The Seventy-Sevens were "pretty much inactive and out to pasture" for several years when drummer Bruce Spencer suddenly called guitarist and lead singer Mike Roe to say the group should record an album of early blues and gospel music. At the time, Spencer was backing up Jackie Greene, a rising star in the Americana scene, and had fallen in love with genre. The call sent Roe on a quest to find classic songs, bringing the band into the studio to hammer out Holy Ghost Building in a relatively short time. The album has earned positive critical reviews, proving that this classic Christian rock band is not done just yet. We interviewed Roe while the band's founding member was on his way from Sacramento to take in the tastes and aromas of the Garlic Festival in Gilroy, California.

How did you collect and decide which songs you were going to include?

Mike Roe I dug into my own collection and borrowed albums from some friends. They were records from the 1920's onward, blues and gospel stuff. In those days the line wasn't that clearly drawn between the two. I learned a lot by doing some research on some of these people. Eventually we grabbed some hillbilly stuff and some songs from the folk scene. I tried to get together as many songs as I could that said something to me or spoke to me in some way, and then put them on cassette. When it came time to record, I brought the cassette to the studio, hit play and said, "What about this one?" As soon as we heard a tune we liked, we stopped the tape, walked over to our instruments, and told the engineer to roll tape. Usually within 20 or 30 minutes, maybe an hour, we were done. There was no rehearsal, no arranging. Everything was just completely spontaneous and off the cuff, which is the way we as a band like to work.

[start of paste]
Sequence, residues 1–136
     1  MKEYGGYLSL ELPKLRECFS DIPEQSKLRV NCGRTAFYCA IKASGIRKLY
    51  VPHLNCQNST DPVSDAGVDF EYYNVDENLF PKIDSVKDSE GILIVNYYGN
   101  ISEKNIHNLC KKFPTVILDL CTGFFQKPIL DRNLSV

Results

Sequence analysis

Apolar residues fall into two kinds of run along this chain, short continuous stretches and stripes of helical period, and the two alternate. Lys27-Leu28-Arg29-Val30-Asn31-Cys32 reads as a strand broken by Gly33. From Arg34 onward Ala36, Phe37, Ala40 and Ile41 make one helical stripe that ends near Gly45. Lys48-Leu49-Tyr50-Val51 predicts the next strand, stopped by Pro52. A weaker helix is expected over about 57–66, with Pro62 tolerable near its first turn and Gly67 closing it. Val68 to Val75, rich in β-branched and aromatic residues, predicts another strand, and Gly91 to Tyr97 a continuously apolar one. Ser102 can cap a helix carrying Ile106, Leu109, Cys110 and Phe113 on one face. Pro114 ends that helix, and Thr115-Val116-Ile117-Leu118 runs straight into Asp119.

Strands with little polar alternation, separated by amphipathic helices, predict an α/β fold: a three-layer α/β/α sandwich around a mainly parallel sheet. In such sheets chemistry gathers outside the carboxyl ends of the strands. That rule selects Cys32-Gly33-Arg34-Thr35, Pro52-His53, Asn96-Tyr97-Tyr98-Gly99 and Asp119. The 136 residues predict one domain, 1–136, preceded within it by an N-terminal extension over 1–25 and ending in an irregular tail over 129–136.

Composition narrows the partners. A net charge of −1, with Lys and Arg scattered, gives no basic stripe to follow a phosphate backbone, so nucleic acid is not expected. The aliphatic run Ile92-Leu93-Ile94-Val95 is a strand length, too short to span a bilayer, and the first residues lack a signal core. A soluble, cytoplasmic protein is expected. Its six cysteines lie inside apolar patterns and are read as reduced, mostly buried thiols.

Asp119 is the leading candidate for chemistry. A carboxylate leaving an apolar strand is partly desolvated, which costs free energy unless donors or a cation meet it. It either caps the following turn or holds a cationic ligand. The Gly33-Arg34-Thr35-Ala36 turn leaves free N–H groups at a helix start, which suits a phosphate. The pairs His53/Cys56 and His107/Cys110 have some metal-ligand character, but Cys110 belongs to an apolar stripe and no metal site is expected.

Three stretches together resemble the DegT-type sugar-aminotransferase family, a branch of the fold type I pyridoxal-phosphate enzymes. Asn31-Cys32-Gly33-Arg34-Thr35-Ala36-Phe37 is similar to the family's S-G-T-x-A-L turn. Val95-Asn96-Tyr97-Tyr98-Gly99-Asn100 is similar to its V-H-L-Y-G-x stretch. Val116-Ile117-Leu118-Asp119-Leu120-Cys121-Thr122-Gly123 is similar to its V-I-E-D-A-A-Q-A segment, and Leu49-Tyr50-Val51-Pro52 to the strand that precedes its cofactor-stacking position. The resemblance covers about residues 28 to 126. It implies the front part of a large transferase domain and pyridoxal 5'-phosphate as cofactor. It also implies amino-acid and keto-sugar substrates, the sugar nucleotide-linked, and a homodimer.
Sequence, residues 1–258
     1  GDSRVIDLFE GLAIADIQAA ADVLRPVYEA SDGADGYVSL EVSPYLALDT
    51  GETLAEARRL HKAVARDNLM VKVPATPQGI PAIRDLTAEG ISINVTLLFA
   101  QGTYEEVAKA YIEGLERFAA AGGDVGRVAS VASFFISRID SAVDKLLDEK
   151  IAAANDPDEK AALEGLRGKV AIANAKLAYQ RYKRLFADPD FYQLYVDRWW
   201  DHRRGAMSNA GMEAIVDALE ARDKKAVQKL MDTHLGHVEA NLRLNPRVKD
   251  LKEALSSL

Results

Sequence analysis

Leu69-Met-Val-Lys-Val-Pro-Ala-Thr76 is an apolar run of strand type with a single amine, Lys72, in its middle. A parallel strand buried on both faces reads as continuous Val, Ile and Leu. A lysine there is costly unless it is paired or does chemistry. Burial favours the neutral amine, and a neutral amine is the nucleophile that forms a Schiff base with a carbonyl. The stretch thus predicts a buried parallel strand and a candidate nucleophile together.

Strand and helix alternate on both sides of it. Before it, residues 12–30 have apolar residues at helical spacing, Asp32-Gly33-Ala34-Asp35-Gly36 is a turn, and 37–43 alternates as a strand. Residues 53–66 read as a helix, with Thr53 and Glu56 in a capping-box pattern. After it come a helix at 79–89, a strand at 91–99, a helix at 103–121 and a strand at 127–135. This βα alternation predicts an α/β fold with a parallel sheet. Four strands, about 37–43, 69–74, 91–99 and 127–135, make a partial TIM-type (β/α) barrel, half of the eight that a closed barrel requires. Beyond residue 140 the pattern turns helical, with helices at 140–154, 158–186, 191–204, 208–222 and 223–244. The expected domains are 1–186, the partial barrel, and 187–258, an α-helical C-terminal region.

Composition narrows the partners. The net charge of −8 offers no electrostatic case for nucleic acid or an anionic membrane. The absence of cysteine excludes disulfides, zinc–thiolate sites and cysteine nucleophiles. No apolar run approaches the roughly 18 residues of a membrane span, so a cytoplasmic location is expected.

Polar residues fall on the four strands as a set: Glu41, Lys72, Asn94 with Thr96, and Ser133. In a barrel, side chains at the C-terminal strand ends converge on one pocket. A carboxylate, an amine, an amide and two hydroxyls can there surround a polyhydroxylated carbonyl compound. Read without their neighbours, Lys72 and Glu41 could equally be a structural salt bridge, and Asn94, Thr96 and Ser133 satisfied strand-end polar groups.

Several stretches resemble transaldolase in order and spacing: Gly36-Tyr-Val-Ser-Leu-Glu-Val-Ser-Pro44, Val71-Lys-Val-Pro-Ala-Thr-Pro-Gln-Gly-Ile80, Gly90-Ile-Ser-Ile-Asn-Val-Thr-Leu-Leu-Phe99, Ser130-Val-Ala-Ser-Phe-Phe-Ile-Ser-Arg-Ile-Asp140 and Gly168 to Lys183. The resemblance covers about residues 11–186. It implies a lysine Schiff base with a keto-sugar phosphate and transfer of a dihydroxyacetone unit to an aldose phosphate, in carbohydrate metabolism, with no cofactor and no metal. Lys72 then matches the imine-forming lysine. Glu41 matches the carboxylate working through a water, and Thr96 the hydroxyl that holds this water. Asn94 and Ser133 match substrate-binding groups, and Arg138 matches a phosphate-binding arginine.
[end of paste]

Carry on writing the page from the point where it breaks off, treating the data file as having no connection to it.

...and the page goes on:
Why do you prefer to work that way?

Roe For one, we're all jazz hounds and extremely fond of improvisational music. We seem to do best when thrown into a creative atmosphere and we just go. We're very easily bored and distracted, and seem to do quite well under more of the jazz kind of framework. I think that comes from all the years of playing together in that kind of way.

Fortunately for us, this experiment came out really cool. We used everything we recorded. We didn't throw anything away. If a song wasn't happening, we just moved on. So we spent two or three days doing that and walked out of there with 11 or 12 tunes.

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I kept thinking this sounds like something that came out of the heyday of Sun Records—Elvis Presley, Johnny Cash, Roy Orbison. Were you going for something like that?

Roe I don't think that, but we worked that way. "When My Blue Moon Turns to Gold Again" wasn't even supposed to be on there. That was just a sound check. We needed a song to run down and I just started playing it, and we wound up keeping it. It wound up being one of the coolest things on there.